There were similar challenges for director of photography and visual effects supervisor Pete Kozachik, who was nominated for an Oscar on Nightmare. “We did have to split these two worlds apart and find a way of making them instantly recognizable but not be making two separate movies, which is quite a trick having seven crews working on different sequences. Color was a way to separate. I tried to throw everything we have in our camera toolsets to separate as well. Keep real staid and level and sensible when shooting the real world and shoot it in near black-and-white. No fancy camera moves, no fancy angles. We maintained a whole different take on camera work in Land of the Dead. Again, not too much color but the presence of it becomes a surprise. We didn’t want the Land of the Living to be too boring so we ended up mixing it up a little bit.”

The sets we viewed included the town square (bathed in an exquisite green), the exterior and dining room of Everglot Mansion where Victoria and her family live, the church, the jazzy Land of the Dead club and Elder Gutknecht’s study. They are the largest stop-motion sets ever constructed, as high as 16 feet and as deep as 30 feet. To accommodate the larger size of the puppets, the upper floors of the buildings were scaled down, so they weren’t always out of frame. Plus, the ground floors had to match puppet scale for entrances and exits.

“We’re trying to make Corpse Bride as beautiful as we can and Victor as pathetic as we can,” added Kozachik. “And we’re doing what we can to enhance the other characters. We are taking this a little further afield than if we had live actors. It’s operatic and expressionistic.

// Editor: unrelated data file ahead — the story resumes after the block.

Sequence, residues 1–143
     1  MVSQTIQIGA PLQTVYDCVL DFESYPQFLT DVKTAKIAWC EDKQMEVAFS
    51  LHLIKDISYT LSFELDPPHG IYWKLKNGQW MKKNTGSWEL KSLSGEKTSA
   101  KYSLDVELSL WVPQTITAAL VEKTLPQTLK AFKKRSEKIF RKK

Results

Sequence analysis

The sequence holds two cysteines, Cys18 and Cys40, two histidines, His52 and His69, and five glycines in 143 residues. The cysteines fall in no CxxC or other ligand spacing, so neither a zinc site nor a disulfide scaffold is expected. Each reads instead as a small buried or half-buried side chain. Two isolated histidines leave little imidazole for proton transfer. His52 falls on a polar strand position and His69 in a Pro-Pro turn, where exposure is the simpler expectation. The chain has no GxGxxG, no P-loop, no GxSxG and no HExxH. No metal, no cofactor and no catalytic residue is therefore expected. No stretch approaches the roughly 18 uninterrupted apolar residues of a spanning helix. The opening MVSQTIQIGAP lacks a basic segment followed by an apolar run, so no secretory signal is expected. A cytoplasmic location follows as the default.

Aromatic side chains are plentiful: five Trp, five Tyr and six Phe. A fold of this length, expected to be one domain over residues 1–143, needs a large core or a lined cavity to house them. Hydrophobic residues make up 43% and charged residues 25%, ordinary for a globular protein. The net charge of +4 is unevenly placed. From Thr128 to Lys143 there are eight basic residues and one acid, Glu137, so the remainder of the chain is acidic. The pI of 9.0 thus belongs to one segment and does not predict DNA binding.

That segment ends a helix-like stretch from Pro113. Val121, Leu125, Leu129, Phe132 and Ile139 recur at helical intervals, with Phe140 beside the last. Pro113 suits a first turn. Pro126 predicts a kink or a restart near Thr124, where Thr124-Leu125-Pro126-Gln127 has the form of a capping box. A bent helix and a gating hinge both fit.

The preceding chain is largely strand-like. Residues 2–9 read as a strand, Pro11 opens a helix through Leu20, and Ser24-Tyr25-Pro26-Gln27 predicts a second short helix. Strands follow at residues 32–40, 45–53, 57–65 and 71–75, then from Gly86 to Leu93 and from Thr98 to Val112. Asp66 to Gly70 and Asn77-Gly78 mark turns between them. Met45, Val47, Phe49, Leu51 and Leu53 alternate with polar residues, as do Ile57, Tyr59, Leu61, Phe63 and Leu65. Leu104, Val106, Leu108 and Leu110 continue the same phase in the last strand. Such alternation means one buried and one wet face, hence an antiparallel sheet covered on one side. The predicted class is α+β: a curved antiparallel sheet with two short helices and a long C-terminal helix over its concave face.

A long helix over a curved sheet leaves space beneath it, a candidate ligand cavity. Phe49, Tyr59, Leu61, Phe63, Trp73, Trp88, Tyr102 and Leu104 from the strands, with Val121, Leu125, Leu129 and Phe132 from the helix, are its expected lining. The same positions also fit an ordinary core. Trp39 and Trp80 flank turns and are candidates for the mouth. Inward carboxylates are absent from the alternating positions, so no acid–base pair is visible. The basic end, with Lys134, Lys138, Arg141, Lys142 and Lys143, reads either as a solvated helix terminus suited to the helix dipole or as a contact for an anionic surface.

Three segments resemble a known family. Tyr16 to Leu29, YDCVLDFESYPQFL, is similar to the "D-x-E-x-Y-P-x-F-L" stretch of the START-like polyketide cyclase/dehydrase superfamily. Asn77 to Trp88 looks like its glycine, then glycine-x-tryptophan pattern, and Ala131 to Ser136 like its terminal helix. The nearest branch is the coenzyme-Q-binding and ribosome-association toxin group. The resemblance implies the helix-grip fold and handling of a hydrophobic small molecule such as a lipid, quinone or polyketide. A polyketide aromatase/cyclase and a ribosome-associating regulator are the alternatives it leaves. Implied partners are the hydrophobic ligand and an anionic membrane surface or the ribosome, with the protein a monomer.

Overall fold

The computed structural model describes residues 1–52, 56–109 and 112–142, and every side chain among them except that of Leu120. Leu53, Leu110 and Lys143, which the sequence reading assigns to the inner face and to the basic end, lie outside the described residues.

“We start with the storyboards and edit those, which are constantly evolving and changing as we’re shooting. The most active directing part of it is when an animator is about to start a shot and we’ll work through the shot and act it out a little bit to get the timing down to the single frames. We get three paces for a shot. The first is a block to check the lighting and then a rehearsal, which is shot on twos or fours, and then we hone in the performance, and the final, which is shot on ones, 24 separate poses for one second of screen time.”

Lowry added that there were plenty of add-ons at the last minute: “Lots of oversized spiders and maggots were added so we had to add some oversized props that came up at the last minute. You might walk around and see some miniatures and then all of a sudden an arm in a chair that’s [much larger].”

The most exciting shot we witnessed was part of the show stopping Remains of the Day number at the club, starring skeleton Bonejangles (Danny Elfman) and his dancing mates. In typical Elfman fashion, it’s very bopish, with Bonejangles dipping up and laughing maniacally, and the skeletons diving in and out of frame. The four-second scene took nearly three days to complete.

Animator Trey Thomas admitted that it was an extra challenge because of the shadows: “That definitely adds to my frustration because you’re seeing in two axes, so it gives away a lot of mistakes that normally wouldn’t be seen if you didn’t have the shadows, so it adds a little extra time and pain. We keep the fixes in post to a minimum so they can use the digital money to really plus things.”